From a practical point of view there are tools that can be used to clean up large areas at a time without using the task manager.  Downloading a chunk of OSM then running a script to detect duplicate buildings means you can cover an entire country very quickly the same is true for highway=road name=Hameau, crossing highways, untagged ways etc.   Scrolling through the downloaded data with JOSM <crtl><down arrow> can pick up unmapped settlements, unconnected highways, and other oddites.  Don't delete anything before redownloading the small area first to make sure you have exactly what is on the live map.

Validating mapping that is three months old just so the box gets ticked seems a worthless exercise to me but if you really want to waste time and put people off validating then ask them to validate buildings.  It can take two clicks in JOSM to draw a building with the buildings_tool plugin.  It takes a lot longer to correct each misshaped building.  HOT needs to use a building tool for mapping.  If you must use iD then spend some money and get it added to iD.

Cheerio John

On Fri, 7 Jun 2019 at 08:07, Matthew Gibb <[hidden email]> wrote:
Hi Jean-Marc,

Thanks for your thoughts on the subject.

I agree with:

> the further upstream the quality assurance, the cheaper it is. I feel that an onboarding environment (both technical and social) that glorifies quality rather than quantity might be a step in that direction.

There are a whole host of steps that can and are being taken: from improved project manager onboarding, ensuring validation plans like you mentioned, and improvements to the tasking manager.

To your point, I agree that feedback to a mapper on a project that hasn't been touched in a year will have no impact on a new (at that point) mapper who hasn't seen it, but if there happened to be lower quality data there, there's still a benefit to making sure it's addressed and improved.

I think most would agree that there's not a one-size-fits-all solution, encouraging some more mappers to take a crack at validation if they haven't before is a piece of the puzzle though.

Thanks for joining the conversation.

Matt

On Fri, Jun 7, 2019 at 5:27 AM Jean-Marc Liotier <[hidden email]> wrote:
On 2019-06-07 04:52, Matthew Gibb wrote:

> - Validate! Simply find a project and dive in!

While http://www.missingmaps.org/validate/ and
http://www.missingmaps.org/assets/downloads/MissingMaps_validation_josm_en.pdf
offer practical instructions on how to begin about the validation
business, I feel a gap in guidance on what happens after invalidation. The
advice about how to express constructive criticism in comments is a good
start, but then what ? Even the Organised Editing guidelines only mention
"_plans for a "post-event clean up" to validate edits,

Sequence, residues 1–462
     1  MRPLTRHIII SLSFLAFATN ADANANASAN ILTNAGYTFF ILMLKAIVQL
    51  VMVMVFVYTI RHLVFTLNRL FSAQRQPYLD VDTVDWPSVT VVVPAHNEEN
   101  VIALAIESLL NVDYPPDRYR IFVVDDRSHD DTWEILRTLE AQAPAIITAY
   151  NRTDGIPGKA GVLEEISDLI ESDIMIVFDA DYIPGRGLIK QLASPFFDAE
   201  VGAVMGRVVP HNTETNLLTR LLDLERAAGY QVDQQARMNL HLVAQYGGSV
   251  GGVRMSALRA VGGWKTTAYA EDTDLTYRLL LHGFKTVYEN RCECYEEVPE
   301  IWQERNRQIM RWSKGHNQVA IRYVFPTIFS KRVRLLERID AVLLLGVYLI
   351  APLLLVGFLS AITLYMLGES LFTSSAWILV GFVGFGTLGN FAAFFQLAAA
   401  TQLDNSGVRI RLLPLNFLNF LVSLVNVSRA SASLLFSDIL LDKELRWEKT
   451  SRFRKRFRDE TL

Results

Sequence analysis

especially if the activity introduces new contributors to
OpenStreetMap_" but omit details.

The contributor is an ephemeral drive-by account set for a mapathon, the
contributor isn't aware of his Openstreeetmap inbox, the contributor
doesn't care that much about quality, the contributor understands that his
changeset doesn't satisfy quality expectations but has no idea how to
proceed... There are many reasons but the common result is that a
validation comment will lead to no action at all: most contributors of bad
data do not clean-up after themselves.

Some projects, such as
https://wiki.openstreetmap.org/wiki/Organised_Editing/Activities/Trains_of_Botswana_mapathon
have clear plans: _"A few days after the event, the core team will look at
the common QA tools (OSMI, Osmose, Keepright) to repair anything that
might have slipped through the cracks_" - but foisting janitorial
responsibilities upon experts doesn't scale: as much as some enjoy
strolling in the garden and pulling the occasional weed, it is not a
popular hobby. Worse, those rare resources spent correcting bad data may
easily make the net value negative.

I do not have a solution, but I wish to stress one observation: the
further upstream the quality assurance, the cheaper it is. I feel that an
onboarding environment (both technical and social) that glorifies quality
rather than quantity might be a step in that direction._______________________________________________
HOT mailing list
[hidden email]
https://lists.openstreetmap.org/listinfo/hot


--
Matthew Gibb
(518) 791-8505
_______________________________________________
HOT mailing list
[hidden email]
https://lists.openstreetmap.org/listinfo/hot


--
Matthew Gibb
(518) 791-8505

_______________________________________________
HOT mailing list
[hidden email]
https://lists.openstreetmap.org/listinfo/hot